A website must legally abide by any law of the country it resides in. Considering the number of porn sites out there it's likely that not all sites are located in the same location, and so not all sites are legally required to abide by the same laws. It's likely that at least some of the porn sites out there reside in countries that don't legally require them to confirm age before allowing someone to enter the site; after all with the number of countries out there some of them likely either are less concerned about underage access to porn or, never thought to explicitly write a law requiring sites to check an age limit, or have laws and/or constitution that would prevent attempts to restrict a website in such a way.

In addition a given website may be viewed from many different countries. A country like the USA or England may want a site located in some other country to restrict access to anyone under the age of 18, but if that website is not hosted in their home country It's possible the country does not have any legal jurisdiction to force that requirement on the site.

So it's quite possible that some of the sites do not legally have to ask you your age. However, they likely consider it safer to do so, for a number of reasons:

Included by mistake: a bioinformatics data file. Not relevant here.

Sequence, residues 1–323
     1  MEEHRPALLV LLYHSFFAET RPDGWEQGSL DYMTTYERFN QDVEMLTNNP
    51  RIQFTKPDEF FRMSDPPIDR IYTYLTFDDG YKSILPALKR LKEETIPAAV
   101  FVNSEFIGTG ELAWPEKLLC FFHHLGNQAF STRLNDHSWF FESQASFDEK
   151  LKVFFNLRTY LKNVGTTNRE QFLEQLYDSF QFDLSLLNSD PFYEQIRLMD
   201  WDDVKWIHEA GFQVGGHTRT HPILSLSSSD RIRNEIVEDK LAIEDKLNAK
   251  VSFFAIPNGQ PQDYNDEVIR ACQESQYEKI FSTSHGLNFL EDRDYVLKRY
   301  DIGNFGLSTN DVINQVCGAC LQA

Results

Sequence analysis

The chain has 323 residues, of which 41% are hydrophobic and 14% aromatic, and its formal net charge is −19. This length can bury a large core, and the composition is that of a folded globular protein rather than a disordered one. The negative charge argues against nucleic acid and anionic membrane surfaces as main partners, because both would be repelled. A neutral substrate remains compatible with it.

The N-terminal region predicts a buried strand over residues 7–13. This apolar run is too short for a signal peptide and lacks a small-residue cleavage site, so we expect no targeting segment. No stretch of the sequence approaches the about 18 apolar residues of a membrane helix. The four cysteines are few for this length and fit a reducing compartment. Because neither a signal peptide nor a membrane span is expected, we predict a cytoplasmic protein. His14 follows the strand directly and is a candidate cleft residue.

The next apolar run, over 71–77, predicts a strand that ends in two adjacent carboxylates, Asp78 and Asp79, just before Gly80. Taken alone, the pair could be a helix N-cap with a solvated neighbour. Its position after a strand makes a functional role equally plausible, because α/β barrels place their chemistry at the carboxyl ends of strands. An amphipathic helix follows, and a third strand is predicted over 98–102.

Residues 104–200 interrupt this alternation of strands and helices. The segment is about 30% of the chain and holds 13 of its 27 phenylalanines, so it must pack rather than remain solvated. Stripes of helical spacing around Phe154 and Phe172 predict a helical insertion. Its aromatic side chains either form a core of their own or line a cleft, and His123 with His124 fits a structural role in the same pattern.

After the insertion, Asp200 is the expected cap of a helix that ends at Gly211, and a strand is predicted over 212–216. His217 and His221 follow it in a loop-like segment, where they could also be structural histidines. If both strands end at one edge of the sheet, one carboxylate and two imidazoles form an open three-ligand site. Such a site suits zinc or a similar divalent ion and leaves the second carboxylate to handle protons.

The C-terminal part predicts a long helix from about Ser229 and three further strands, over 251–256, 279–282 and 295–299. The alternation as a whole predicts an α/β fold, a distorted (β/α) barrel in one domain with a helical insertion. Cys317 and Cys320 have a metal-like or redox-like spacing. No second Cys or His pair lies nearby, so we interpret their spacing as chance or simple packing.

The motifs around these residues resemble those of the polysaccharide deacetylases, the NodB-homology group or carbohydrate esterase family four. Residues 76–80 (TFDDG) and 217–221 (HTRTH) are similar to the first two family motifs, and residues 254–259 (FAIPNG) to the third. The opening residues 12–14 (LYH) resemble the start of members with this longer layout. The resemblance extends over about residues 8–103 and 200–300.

First, even if a country can't legally require a site to abide by their rules they can chose to block a site that does not abide by their laws. There are some countries out there that may be willing to block a website that allows anyone to view them that would allow a porn site that restricts access to 18 and up to have access.

Second, porn sites may have have to abide by the laws of multiple countries. For instance a popular site is likely hosted in many different countries spread across the world, this ensures there is always a server close to a potential customer and thus the site is able to give a responsive reply to a request; ie lower latency. The site in question must legally abide by all of these countries laws, and it's possible that at least one of them require age verification. There is also the fact that a country that doesn't currently have laws about checking for age could always change their laws at a later date.